Published August 20th, 2020 at 6:00 AM
Their Super Bowl victory thrust the Kansas City Chiefs into the limelight, but with that glory came a fresh wave of scrutiny for the appropriation of Native American culture. With the Washington Football Team’s recent name change making national headlines, fans and critics alike are wondering whether the Chiefs could be next to rebrand.
Contention surrounding the Chiefs is not new. Defenders of the Chiefs brand routinely point out that the origin of team’s name isn’t directly tied to Indigenous peoples in the same way that the Washington Football Team’s former name was, nor is it a slur.
The origin of the Chiefs’ name, as many super fans know, lies in Harold Roe Bartle and the Tribe of Mic-O-Say — the made-up Native American tribe Bartle created in 1925 as a part of the Boy Scouts of America.
Bartle, nicknamed the “Chief,” was known for his large stature and even larger personality. He played an instrumental role in bringing the Dallas Texans to Kansas City during his tenure as mayor, and in 1963 it was clear that people wanted the new football team to be named in the “Chief’s” honor.
But what some see as a folksy piece of local history represents to others a symbol of oppression and appropriation of Native culture.
If you’ve lived in Kansas City for decades, you might have become desensitized to the sight of a shirtless White man donning a headdress and war paint at a tailgate, or fans in mass doing the tomahawk chop.
But not if you are Native American and living in Kansas City. According to Patrick Pruitt, program director with the Kansas City Indian Center, each headdress and swinging of the arm is an affront to his heritage.
“Each feather was earned, it meant something,” Pruitt said. “And so just to throw a headdress on, that you bought off of Amazon or Walmart, I equate it to someone going out wearing a bronze star or a silver star or congressional Medal of Honor. People would come unglued about that. But they don’t see it as the same thing with Native people.”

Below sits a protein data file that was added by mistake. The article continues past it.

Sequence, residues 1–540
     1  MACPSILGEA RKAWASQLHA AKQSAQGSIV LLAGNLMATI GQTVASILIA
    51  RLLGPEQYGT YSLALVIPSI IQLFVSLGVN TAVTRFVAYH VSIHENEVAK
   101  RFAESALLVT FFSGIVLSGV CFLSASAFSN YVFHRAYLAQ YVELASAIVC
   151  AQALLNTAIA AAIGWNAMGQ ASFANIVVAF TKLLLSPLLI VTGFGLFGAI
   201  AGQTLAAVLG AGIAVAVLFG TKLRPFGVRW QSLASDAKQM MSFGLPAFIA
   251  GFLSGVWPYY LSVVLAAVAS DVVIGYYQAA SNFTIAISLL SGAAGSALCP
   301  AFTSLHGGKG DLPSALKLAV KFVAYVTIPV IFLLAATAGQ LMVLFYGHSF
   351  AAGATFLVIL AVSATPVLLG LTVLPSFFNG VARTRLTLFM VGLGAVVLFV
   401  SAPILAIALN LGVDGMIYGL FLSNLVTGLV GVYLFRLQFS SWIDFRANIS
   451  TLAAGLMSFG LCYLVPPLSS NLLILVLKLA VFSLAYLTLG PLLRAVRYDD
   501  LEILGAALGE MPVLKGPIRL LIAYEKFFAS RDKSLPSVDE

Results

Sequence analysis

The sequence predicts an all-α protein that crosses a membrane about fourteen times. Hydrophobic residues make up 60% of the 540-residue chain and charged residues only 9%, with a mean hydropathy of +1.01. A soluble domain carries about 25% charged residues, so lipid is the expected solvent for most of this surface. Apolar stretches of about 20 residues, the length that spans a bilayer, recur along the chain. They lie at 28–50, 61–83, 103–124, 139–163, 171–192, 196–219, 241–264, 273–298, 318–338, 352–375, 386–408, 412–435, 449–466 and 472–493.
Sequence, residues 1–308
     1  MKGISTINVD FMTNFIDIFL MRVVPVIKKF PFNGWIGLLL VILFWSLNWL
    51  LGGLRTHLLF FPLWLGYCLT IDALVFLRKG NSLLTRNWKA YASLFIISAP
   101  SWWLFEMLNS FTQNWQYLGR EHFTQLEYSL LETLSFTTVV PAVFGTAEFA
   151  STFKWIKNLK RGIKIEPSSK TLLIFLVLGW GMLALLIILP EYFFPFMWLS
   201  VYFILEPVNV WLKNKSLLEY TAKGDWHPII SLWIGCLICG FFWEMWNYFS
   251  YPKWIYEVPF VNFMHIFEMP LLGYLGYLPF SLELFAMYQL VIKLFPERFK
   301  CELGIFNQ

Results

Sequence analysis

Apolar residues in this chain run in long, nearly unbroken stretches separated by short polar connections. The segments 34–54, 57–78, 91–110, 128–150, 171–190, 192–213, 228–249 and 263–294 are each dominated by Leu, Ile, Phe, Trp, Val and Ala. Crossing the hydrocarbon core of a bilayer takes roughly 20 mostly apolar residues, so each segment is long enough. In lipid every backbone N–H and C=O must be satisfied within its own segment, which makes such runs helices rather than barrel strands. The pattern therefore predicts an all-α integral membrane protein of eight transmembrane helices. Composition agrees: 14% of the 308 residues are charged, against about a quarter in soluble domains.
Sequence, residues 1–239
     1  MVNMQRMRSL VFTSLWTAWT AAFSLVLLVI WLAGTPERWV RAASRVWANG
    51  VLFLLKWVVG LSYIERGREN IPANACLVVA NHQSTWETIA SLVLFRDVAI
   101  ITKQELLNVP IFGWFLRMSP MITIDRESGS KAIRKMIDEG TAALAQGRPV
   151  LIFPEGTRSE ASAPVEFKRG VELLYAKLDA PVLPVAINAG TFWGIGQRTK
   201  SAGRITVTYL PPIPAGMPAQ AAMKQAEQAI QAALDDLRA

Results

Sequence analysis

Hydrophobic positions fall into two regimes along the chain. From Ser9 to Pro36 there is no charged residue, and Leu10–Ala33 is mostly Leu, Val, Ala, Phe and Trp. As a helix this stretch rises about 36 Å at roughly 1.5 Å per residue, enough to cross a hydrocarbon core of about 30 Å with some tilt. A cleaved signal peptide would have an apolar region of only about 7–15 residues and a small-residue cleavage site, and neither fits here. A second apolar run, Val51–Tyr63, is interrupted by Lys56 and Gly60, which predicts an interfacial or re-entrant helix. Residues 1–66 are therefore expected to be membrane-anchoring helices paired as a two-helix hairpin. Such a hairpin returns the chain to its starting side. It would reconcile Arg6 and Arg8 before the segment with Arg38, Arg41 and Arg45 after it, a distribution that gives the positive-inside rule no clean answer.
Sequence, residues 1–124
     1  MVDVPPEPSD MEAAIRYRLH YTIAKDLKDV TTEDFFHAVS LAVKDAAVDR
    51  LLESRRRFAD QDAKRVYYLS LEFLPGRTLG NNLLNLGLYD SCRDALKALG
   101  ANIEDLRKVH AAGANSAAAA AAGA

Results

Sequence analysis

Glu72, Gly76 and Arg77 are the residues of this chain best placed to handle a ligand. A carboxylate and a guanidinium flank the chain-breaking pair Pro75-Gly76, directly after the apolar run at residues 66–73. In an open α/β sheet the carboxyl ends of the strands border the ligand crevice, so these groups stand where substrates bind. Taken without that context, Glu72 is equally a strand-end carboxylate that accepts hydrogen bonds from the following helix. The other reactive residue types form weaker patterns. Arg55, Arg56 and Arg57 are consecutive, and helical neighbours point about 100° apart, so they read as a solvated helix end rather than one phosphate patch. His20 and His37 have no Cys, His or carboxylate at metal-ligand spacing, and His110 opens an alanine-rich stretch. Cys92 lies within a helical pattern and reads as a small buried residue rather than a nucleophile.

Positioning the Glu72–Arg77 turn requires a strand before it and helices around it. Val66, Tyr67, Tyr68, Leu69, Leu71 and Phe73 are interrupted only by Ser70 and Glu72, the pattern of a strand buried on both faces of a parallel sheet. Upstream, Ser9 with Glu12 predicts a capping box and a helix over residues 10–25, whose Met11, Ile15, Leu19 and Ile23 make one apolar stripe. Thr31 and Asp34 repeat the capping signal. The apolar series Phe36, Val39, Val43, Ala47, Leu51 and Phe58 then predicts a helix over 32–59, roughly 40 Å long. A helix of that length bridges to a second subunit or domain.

Pruitt vividly remembers watching western movies and playing “Cowboys and Indians” growing up. He recalls everyone wanting to be the brazen cowboy, and no one wanting to be the Indian. It wasn’t until later in life that he realized just how much the depictions of Native Americans as savage and less-than human informed the way that he thought about his own Chickasaw identity.
“It’s like a continuation of historical trauma,” Pruitt said.
This sort of trauma stemming from seeing negative and even racist depictions of one’s race isn’t something that Pruitt has suffered alone.
In 2005, the American Psychological Association recommended the “immediate retirement of all American Indian mascots, symbols, images and personalities by schools, colleges, universities, athletic teams and organizations.”
The conclusion was based on an ever-growing body of research showing the harmful effects of American Indian mascots on the “social identity development and self-esteem of American Indian young people.” Not only do Native mascots negatively impact Native people, but they have also been shown to create negative stereotypes in the heads of non-Natives.
Kansas City Chiefs President Mark Donovan recently told the Kansas City Star that he sees the local situation as very different from Washington’s, but the team will continue to have conversations with Native American leaders.
Over the years, the pleas from members of Kansas City’s Native community haven’t entirely fallen on deaf ears. In 1989, the team changed its mascot from Warpaint the pinto horse (a breed commonly associated with Native Americans) to the KC Wolf.